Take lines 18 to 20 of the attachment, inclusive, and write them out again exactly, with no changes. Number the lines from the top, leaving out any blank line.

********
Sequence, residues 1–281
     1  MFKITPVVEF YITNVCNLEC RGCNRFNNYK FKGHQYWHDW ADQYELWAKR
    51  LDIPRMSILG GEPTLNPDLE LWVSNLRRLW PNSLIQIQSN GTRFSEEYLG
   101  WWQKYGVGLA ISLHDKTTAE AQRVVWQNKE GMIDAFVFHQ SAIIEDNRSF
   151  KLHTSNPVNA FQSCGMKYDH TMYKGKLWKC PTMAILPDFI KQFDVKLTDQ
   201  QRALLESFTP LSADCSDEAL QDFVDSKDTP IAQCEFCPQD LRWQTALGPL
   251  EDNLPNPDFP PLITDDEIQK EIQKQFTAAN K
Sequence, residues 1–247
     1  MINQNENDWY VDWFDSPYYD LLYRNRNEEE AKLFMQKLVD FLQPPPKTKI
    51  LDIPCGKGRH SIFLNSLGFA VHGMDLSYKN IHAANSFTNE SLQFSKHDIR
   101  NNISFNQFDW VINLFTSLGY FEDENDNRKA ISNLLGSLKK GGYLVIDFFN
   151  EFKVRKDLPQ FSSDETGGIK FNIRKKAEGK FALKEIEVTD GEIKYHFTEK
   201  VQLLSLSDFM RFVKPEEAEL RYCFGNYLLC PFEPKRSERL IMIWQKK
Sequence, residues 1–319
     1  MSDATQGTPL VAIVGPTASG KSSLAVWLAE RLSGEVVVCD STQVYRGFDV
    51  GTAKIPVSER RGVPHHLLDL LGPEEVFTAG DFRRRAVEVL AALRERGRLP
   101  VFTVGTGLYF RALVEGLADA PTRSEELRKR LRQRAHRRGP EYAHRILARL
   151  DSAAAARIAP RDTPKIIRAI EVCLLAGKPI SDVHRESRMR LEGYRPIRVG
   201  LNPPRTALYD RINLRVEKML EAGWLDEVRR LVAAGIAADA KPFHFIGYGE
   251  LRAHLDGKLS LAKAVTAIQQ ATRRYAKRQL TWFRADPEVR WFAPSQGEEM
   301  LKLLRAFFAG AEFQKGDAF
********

   151  DSAAAARIAP RDTPKIIRAI EVCLLAGKPI SDVHRESRMR LEGYRPIRVG
   201  LNPPRTALYD RINLRVEKML EAGWLDEVRR LVAAGIAADA KPFHFIGYGE
   251  LRAHLDGKLS LAKAVTAIQQ ATRRYAKRQL TWFRADPEVR WFAPSQGEEM